I’ve recently been reading one of Bill Wannan’s marvellous books of Australian yarns. This one got a laugh:
A young chap was boundary riding on a vast Queensland estate, and one day in 1947 he came upon a very old hatter living high up in the hills.
First thing the old man asked was, “How’s the war going?”
“Gosh!” said the boundary rider, “it’s been over nearly two years!”
“Who won?” came the eager query.
“We did, of course.”
The old fellow gave the semblance of a hearty chuckle and rubbed his gnarled hands with pleasure.
“My word, it’s been a long struggle,” he said. “But I’ll bet Queen Victoria’s pleased. She never did like those b***** Boers!”
Which brings up the matter of the “hatter”.
Colourful Aussie politician Bob Katter, who represents the electorate of Kennedy in deepest, darkest North Queensland, and often wears a large hat, recently announced that he was planning to form a new political party, and has subsequently been referred to as the “Mad Hatter”.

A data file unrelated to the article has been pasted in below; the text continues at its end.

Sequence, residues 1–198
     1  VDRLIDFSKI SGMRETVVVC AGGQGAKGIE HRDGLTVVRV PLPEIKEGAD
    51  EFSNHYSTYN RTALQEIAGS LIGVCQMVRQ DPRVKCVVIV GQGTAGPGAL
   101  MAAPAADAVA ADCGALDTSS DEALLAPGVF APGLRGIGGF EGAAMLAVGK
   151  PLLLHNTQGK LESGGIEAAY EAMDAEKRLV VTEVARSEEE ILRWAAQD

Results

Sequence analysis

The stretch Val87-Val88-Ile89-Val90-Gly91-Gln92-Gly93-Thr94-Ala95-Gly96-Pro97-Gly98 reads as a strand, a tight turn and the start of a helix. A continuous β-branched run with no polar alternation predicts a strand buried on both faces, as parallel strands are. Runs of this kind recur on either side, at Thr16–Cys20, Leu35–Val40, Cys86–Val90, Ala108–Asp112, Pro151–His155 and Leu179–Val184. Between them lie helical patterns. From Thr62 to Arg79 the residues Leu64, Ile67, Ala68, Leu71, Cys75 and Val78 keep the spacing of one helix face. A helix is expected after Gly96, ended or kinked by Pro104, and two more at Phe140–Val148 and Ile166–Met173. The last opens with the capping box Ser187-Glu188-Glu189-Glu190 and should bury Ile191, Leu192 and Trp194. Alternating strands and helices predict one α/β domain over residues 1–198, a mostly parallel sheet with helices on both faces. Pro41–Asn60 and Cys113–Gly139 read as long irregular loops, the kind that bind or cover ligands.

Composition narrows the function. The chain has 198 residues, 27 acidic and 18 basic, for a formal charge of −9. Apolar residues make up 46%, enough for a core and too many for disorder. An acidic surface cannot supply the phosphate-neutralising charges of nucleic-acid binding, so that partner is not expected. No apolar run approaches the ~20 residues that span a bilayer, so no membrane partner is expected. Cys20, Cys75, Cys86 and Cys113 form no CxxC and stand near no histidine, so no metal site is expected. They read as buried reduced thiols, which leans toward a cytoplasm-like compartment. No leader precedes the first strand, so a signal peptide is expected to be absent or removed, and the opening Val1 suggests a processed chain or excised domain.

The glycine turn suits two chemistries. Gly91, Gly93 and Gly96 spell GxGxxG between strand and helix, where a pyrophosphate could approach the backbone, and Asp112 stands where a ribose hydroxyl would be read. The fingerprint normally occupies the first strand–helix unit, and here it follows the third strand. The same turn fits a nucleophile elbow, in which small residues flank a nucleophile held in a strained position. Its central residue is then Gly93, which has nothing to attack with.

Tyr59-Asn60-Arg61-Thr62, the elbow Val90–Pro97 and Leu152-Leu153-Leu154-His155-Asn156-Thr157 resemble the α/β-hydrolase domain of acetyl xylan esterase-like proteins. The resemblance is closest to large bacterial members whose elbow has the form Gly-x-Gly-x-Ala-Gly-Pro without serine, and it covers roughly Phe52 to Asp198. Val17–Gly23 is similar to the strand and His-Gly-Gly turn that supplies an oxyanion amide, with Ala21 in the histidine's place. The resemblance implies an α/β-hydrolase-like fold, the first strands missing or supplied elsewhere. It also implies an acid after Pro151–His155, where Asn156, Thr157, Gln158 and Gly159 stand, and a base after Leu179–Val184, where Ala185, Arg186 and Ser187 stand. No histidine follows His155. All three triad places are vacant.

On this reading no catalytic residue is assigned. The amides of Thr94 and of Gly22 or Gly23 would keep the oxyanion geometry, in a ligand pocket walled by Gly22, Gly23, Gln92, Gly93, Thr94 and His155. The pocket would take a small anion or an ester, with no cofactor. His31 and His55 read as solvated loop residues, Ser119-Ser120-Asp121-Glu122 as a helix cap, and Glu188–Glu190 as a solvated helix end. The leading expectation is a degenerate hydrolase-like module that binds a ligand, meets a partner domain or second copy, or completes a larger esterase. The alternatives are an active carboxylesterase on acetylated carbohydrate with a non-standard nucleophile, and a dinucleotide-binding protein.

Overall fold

The Macquarie Dictionary advises that the term “hatter” can mean “a lonely and eccentric bush dweller”, as in Bill Wannan’s yarn. But mad hatters have been around for a long time, for example in “Alice in Wonderland” (written in 1865).
Some references suggest that the expression actually originated in the hat-making industry, where mercury was used, and was known to have affected the nervous systems of hatters, causing them to tremble and appear insane. The term “Mad Hatter Disease” is still used to refer to mercury poisoning — see http://en.wikipedia.org/wiki/Mad_hatter%27s_disease.
Do you think I’m just talking through my hat?